Boat operator Richard Turk, owner of Turks Launches nearby, said: “People think because of the weather it is nice and warm but it is freezing. Hypothermia probably got him. It has happened quite a bit and it is mainly students after a few drinks.” 

Andrew Denny  | 11.00am

Today's news from the web

  • Plans for hydropower on the River Thames visitthames.co.uk

    The search is on for community groups and/or developers to construct and operate sustainable hydropower schemes on River Thames weirs in the Windsor and Maidenhead area. The Environment Agency has joined forces with the Royal Borough of Windsor and Maidenhead (RBWM) to promote the opportunity to develop small scale hydropower schemes at Marlow, Boveney and Boulters weirs....

Monday 2 May

Today's news from the web

  • Revived part of Wilts and Berks Canal officially opened bbc.co.uk

    A restored section of the Wilts and Berks Canal, which fell into disrepair nearly a century ago, has been officially reopened. Volunteers have spent the past few years clearing a two-mile stretch of the waterway from Pewsham to Reybridge. Guests at the ceremony boarded a boat to become the first to travel on the canal since it was abandoned in 1914....

Monday 25 April

Today's news from the web

  • New Stroud canal bridge due to open in June bbc.co.uk

    The £1.8m canal bridge in Stroud is expected to open by mid-June, engineers have said.The new A46 Merrywalks Bridge, which will allow boats to pass underneath, was due to be finished by November....

  • Rescue services called out en masse to canal over men 'messing about' in dinghy menmedia.co.uk

    A helicopter, inshore rescue boat and a fire crew were called to three men paddling a dinghy along a canal. The trio had been floating along the Manchester Ship Canal, at Trafford Park, on Sunday when a passer-by mistakenly thought they were in trouble. Following a call to emergency services the fire service's water incident unit, a police helicopter and firefighters from Stretford station were sent to the scene. But they arrived to see the three men, all in their 20s, reach Barton Swing Bridge in Salford, then gently glide to the shore and get out....

  • Youngsters condemned for 30ft plunge into Liverpool’s Stanley Dock liverpoolecho.co.uk

    Youngsters were condemned for risking their lives after diving headfirst from a 30ft high wall into Liverpool docks. The youths, accompanied by some adults, were leaping from a wall at Stanley Dock, off Great Howard Street, into the 40ft deep Stanley Dock. ...

  • Complicated auction of Chesapeake & Ohio Canal towpath property times-news.com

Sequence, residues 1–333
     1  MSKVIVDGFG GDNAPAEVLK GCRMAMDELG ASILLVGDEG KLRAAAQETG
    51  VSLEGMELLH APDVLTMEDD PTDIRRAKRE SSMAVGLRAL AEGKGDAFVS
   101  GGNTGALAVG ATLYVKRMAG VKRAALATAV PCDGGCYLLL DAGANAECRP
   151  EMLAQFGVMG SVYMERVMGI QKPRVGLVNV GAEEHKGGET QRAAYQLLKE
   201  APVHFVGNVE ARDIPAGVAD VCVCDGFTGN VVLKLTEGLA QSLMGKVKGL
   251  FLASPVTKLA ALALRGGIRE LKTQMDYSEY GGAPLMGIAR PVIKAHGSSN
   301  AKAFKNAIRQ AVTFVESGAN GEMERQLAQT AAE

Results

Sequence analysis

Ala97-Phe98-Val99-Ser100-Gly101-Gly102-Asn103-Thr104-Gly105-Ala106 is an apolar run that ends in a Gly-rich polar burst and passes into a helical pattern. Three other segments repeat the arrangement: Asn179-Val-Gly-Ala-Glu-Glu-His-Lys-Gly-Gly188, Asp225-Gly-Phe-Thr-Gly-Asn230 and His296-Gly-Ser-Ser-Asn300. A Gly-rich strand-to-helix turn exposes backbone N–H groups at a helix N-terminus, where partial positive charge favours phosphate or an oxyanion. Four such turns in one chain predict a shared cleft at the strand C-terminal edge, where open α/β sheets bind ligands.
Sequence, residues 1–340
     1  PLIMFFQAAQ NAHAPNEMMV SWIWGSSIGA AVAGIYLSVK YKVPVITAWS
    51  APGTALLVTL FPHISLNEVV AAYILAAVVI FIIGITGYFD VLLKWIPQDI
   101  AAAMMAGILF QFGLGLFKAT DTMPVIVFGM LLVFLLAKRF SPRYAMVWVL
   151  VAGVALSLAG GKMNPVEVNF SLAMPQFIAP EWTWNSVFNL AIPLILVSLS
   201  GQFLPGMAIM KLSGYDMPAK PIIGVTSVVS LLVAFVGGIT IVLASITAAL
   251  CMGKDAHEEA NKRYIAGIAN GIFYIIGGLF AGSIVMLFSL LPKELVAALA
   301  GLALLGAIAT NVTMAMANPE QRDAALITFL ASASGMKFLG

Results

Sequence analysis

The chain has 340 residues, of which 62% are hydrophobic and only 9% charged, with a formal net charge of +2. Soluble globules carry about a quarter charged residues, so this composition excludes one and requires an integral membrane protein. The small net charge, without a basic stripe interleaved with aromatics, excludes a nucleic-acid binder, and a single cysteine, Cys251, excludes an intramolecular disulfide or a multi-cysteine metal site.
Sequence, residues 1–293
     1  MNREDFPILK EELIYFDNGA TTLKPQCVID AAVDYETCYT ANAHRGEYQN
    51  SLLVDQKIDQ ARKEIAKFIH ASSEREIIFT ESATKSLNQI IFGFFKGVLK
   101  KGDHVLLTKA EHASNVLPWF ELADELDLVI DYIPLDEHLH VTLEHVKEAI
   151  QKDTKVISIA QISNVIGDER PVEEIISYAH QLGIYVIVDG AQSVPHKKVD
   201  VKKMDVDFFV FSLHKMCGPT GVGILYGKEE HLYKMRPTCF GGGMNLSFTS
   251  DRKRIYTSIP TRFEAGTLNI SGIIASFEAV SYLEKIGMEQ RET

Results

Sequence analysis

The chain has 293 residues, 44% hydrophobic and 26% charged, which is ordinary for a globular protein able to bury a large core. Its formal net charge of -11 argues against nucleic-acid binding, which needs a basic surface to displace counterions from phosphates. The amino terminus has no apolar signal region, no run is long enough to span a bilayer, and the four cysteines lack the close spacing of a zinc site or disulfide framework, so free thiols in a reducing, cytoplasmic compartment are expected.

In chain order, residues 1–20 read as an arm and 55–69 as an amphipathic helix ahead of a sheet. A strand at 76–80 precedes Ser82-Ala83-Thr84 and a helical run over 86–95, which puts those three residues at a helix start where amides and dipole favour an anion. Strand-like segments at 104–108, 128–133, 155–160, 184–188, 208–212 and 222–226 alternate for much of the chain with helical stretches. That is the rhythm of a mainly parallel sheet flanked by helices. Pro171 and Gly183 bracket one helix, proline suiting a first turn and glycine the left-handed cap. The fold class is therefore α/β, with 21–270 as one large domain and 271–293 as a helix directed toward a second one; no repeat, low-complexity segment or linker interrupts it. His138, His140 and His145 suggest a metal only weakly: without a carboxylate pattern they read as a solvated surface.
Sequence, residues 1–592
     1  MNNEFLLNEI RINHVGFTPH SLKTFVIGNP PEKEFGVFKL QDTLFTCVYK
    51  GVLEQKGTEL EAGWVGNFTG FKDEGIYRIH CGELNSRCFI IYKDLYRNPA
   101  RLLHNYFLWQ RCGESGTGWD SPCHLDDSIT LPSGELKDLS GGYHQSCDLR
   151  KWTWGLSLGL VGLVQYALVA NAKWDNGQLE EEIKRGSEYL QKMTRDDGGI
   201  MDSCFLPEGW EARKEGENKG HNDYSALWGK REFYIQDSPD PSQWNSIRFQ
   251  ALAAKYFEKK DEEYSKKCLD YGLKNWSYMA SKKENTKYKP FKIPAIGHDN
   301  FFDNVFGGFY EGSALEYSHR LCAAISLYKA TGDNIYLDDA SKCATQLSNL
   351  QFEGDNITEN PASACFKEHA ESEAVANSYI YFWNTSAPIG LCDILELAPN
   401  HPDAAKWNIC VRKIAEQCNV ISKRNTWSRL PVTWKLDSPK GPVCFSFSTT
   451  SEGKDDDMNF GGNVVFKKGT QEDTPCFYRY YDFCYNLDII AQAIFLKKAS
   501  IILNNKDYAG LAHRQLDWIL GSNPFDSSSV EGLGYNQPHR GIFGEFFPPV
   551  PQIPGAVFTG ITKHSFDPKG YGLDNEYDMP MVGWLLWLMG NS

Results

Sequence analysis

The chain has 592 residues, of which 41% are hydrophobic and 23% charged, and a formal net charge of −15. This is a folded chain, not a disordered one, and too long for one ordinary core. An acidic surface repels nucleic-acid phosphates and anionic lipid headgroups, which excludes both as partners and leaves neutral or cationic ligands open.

The property owned by Brian and Tammie Grosh at 1 Elizabeth St. along the C&O Canal Towpath is being sold at an absolute auction by the Century Auction Group on May 18 at noon. ...  “The property is perfectly desirable and very unique. It is hard to set a price on this property. So, we are going to allow the public to set the price,” said Tom Gimer, auction associate. “There is truly no comparable property in the area,” says the Century Auction Group’s website.    

    [Now, read on...] 

Thursday 21 April

Today's news from the web

  • BW gets free rebrand waterscape.com

    British Waterways reports that the international design agency Pentagram has agreed to help redesign its corporate identity for free, as it moves to become a charity. 

    The pro bono redesign is being led by Pentagram partner John Rushworth, who was also responsible for designing the existing corporate identity, over 20 years ago. This identity is all over the waterways, from the striking and famous 'bridge and bulrush' logo to the numerous signs that tell users what to do at every mooring and sanitary station and the documentation and company reports.   

    This time round Pentagram will offer free 'design consultancy' on the new waterways charity’s name, logo and imagery, when that is decided later this year. Simon Salem, BW's marketing director, is clearly pleased, since a world-class design agency’s work is normally very expensive. 

    “The government’s public consultation document ‘A New Era For The Waterways’ recognised that ‘keeping the British Waterways name’ is not an option,” he said.

    “The look and feel of the new organisation will be an integral part of its future success. It’s vital we get it right. Having [Pentagram] offer its services free of charge is a huge endorsement and a massive step forward for the charity.”  

    John Rushworth said: “We are pleased to be able to offer the new charity consultancy and design services which we hope will help it get off to the best possible start.”